I remembered sitting in that two-room schoolhouse, just as if it was yesterday. Mrs. Biggs would read about George Washington crossing the Delaware. The weather was terrible, and his men had no shoes or coats, and their clothes were in rags. They kept marching to defend America from the Brits. We won that war. We were a free nation. She would read the stories about our history. The pilgrims and the American Indians shared that first Thanksgiving. The Indians had taught the pilgrims to plant corn and hunt for wild game.
Mrs. Biggs started our school day saying the Lords Prayer and the Pledge Allegiance to our flag. That was her way of teaching us how thankful we were to live in a wonderful country like America. Mrs. Biggs decided she wanted her student to know the 23rd Psalm. Each day, we would practice until each student was able to stand before class and recite the 23rd Psalm.
I would push Betsy to school in her little buggy and show her to my friends. Mrs. Biggs would put Betsy in her lap while she read Bambi to us. These are very fond memories. I hope all the children will love Betsy as I did when you read about our adventures.
I have dedicated my books to my friend, Linda Gaines Williams, and Jill Williams, a very special person.
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About the Author
I was born on the plains of Texas. It was a wonderful experience for a child. Young Americans were farming the land and raising their families. Crops not only fed Americans, but the people in other countries. We were a proud generation. We worked hard, and we gave thanks to God for every blessing we had received. The true meanings of friendship among neighbors are something that is lost. One thing for sure, the little two-room schoolhouse was so important to the neighborhood it found a wonderful home with parents of two of my classmates. Many of my friends are no longer living; I do know that they are in heaven, smiling down on the wonderful state of Texas. I know they will be pleased that Betsy is telling her story. Betsy is learning about friendship. Betsy is learning to share. I want people to know the era in time was a very special time.
Read an Excerpt
Betsy at the General Store
By Ann Fisher
AuthorHouseCopyright © 2015 Ann Fisher
All rights reserved.
The old rooster was crowing "cock-a-doodle-do!" The sun would be coming up soon. I could hear my mother in the kitchen cooking breakfast. I tickled Betsy under her chin to wake her: "Wake up! Wake up sleepy head!"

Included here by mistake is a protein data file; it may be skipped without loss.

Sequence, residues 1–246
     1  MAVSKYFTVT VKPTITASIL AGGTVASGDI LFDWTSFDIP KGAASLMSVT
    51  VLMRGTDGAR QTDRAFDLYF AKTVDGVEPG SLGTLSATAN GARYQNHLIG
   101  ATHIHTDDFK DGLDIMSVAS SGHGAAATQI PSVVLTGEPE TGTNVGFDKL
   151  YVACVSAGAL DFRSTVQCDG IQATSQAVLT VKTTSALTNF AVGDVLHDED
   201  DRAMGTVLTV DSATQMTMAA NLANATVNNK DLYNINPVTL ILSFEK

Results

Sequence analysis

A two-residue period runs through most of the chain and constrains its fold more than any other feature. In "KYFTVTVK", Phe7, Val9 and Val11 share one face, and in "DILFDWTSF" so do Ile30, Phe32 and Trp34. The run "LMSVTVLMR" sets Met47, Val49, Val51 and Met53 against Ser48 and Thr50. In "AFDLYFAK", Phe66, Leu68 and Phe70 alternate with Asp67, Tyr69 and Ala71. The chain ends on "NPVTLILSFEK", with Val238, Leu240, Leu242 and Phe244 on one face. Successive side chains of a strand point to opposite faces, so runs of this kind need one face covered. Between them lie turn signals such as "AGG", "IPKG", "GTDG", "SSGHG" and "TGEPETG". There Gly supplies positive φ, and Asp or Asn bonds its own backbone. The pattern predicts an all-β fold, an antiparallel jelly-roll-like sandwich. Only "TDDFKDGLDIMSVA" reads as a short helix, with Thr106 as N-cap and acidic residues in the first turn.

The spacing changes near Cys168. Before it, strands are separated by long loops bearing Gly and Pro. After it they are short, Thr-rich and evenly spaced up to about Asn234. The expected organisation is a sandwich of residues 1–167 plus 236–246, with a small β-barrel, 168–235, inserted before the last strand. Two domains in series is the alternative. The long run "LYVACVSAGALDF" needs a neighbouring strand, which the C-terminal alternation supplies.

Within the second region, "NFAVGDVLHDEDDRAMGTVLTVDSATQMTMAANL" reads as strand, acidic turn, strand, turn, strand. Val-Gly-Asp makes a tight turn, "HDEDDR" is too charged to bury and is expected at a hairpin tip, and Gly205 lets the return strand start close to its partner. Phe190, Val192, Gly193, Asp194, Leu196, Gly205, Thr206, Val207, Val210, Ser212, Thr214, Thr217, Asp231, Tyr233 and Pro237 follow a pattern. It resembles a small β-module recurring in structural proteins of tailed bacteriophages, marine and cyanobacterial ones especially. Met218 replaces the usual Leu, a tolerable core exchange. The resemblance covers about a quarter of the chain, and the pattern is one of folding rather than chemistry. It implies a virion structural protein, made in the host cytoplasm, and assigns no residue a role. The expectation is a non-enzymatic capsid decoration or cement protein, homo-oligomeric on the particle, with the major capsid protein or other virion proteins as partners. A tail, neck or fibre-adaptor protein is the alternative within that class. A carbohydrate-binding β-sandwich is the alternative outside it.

"Betsy, I want to dress you in your little blue dress with the white ruffles. Oh, Betsy, you look very pretty in blue," said Annie.
I hurried and put on my little red dress with lace collar and white Rick-rack on the skirt.
I put Betsy in her little buggy and pushed her into the kitchen for breakfast. "Hurry and eat, girls. We must not keep your father waiting," said mother.
We quickly ate our breakfast. Father was waiting for us by the truck. We were quickly seated and on our way.
Mother said, "Let me hold Betsy so she can look out the window at the countryside."
"I have never seen so many wild flowers along the road as I look out the window. They are very pretty flowers. But the Texas Blue Bonnets are the prettiest of all," said Betsy.
When we arrived at the General Store, Betsy was so excited. She jumped out of the buggy knocking over a stack of peas. The canned peas rolled across the floor. Betsy was so frightened she started running. I shouted. Stop Betsy!
Mr. Foster saw Betsy coming toward him. He picked her up! "Annie this is one frightened little pig. My, but she is pretty," said Mr. Foster.
"What's all the excitement?" Mr. Green shouted as he came through the front door. "Come and see Mr. Green," said Mr. Foster, as he put Betsy back in her buggy.
Excerpted from Betsy at the General Store by Ann Fisher. Copyright © 2015 Ann Fisher. Excerpted by permission of AuthorHouse.
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